Designing Facilities to Limit Forklift Accidents
The Occupational Safety and Health Administration (OSHA) estimates that there are 34,900 serious injuries, including 85 fatal accidents per year in the United States involving forklifts. It is estimated that 11% of all forklifts will be involved in some type of accident each year. The manufacturing industry is the industry that is most affected by forklift accidents, representing 42.5% of fatal accidents.
Drivers of Forklift Accidents
Many work-related factors can cause accidents with forklift trucks, such as lack of training, poor maintenance, blocked vision, improper backing, speed, poorly stacked loads, improper communication or workplace design. In assembly factories, poor workplace design is one of the main factors for forklift accidents.
Design and Layout Considerations
Creating designated walkways to separate pedestrians and forklifts is a must in the industry but poor workplace design also includes narrow, crowded and cluttered aisles, working in the general area of forklift operations and mainly forklift traffic in work areas.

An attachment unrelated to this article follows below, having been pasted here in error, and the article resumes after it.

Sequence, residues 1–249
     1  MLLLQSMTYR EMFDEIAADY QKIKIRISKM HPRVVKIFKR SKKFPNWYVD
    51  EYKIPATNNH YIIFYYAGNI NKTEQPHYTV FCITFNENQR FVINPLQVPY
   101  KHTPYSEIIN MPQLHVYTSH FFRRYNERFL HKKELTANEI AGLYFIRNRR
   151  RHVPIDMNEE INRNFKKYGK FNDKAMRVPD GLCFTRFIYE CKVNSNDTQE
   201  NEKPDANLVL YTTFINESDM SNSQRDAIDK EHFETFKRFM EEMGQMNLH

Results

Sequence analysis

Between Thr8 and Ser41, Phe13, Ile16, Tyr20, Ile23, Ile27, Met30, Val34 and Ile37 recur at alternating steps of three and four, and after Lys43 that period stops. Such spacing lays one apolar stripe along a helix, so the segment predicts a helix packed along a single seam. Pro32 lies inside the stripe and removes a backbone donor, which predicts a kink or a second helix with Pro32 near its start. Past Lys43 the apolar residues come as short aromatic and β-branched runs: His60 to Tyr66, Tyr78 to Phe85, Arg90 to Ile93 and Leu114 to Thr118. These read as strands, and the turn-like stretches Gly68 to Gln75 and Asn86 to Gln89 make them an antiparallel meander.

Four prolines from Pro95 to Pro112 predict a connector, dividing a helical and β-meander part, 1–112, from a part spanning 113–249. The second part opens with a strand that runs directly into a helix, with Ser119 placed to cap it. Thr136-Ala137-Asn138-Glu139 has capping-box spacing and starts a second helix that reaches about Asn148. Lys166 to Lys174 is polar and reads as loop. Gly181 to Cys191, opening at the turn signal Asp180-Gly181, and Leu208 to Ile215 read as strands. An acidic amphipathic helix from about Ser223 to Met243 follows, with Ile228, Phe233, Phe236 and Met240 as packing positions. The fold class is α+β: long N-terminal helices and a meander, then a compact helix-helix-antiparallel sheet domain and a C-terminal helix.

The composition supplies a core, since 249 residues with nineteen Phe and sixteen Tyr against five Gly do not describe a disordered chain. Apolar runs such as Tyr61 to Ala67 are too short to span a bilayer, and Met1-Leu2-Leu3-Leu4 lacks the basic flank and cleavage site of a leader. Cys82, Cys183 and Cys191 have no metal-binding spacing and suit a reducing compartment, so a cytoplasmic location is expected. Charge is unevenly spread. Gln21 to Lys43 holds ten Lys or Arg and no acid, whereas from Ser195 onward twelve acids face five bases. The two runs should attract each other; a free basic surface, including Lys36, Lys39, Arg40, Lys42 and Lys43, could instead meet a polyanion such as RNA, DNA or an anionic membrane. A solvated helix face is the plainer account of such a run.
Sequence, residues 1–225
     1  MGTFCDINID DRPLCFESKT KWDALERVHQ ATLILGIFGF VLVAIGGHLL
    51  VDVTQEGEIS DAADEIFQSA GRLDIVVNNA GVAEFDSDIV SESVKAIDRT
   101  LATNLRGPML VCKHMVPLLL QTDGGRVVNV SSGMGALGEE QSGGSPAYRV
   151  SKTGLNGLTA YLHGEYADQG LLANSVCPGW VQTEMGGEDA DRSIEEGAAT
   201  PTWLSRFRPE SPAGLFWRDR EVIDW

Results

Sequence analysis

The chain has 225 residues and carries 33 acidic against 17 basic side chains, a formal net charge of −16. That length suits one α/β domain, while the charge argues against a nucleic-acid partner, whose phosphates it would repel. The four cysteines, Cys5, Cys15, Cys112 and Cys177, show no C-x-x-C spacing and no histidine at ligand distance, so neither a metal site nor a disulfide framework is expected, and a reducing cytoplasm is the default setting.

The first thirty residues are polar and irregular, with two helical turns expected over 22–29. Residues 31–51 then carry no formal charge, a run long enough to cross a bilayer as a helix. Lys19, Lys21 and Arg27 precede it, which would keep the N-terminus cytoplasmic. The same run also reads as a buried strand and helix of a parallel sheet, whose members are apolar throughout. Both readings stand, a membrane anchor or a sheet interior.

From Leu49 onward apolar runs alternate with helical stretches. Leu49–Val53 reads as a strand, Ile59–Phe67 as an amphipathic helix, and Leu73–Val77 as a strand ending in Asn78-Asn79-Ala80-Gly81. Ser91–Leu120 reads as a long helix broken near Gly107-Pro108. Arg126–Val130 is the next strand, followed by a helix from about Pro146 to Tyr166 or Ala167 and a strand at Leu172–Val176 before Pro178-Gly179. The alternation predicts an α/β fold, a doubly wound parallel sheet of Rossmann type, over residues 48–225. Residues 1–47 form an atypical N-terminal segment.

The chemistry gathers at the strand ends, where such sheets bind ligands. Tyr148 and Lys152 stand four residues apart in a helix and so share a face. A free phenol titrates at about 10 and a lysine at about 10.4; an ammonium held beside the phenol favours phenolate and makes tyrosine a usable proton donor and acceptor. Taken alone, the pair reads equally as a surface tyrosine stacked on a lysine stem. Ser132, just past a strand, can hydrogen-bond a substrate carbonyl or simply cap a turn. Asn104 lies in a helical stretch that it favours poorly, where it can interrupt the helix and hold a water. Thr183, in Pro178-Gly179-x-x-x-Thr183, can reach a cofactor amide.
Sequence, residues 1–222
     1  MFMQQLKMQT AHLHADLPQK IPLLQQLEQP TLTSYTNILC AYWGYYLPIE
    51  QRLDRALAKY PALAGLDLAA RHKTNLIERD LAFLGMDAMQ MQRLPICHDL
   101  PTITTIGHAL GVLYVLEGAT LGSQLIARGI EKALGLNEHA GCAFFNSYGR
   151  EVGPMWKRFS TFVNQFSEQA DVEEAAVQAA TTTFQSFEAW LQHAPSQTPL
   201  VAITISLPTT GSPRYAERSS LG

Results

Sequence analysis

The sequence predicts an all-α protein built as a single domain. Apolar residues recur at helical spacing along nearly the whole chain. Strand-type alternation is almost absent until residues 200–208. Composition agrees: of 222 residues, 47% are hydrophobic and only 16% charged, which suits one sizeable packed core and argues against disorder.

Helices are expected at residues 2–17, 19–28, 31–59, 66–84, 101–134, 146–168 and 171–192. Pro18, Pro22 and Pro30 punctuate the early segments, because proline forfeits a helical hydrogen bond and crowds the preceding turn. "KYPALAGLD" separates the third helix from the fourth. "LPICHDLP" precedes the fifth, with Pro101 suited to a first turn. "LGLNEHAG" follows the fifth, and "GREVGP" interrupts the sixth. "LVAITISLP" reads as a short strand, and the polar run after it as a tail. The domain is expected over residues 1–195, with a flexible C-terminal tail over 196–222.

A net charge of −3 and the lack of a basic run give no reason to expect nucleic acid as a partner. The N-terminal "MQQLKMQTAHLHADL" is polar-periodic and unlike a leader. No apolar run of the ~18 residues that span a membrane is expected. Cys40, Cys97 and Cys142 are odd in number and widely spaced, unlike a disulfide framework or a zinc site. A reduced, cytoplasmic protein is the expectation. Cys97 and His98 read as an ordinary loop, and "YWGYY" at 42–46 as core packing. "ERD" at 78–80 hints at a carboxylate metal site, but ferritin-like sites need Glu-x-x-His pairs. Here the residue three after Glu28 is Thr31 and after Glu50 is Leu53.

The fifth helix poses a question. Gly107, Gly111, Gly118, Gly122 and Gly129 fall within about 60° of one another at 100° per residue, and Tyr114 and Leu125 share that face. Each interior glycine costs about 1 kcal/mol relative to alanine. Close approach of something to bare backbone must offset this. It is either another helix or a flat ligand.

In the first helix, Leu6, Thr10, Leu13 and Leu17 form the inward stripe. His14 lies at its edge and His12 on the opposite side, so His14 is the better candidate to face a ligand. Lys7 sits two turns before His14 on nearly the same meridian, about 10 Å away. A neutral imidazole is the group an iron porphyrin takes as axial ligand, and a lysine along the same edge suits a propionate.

Traffic in work areas occurs when forklifts are used to handle and transport input, work in progress or output to work cells. Most companies have limited work space increasing the risk of accidents. To reduce the risk of accidents, process engineers need to consider handling the material differently. Light materials (less than 2000lbs) can be handled by using jiggers, conveyors, push carts, tugger carts or by redesigning the floor layout and redefining processes. The spaghetti diagram below is a good tool to review forklift congestion.
In addition to just optimizing layouts, reducing forklift use can be part of the solution. Besides improving safety, lower forklift can potentially benefit maintenance, congestion, flexibility and productivity. For example, instead of carrying 1 load of finished products at a time from a work area to storage area with a forklift, tugger carts can be used to carry multiple loads of finished products including empty carts that can be left in work areas afterwards. Furthermore, tugger operators always have a clear view because the loading is done in the back.
Overall forklifts should be restricted to their designated work areas, where vertical storage is needed or for shipping purposes. This should contribute in the reduction of accidents involving forklifts.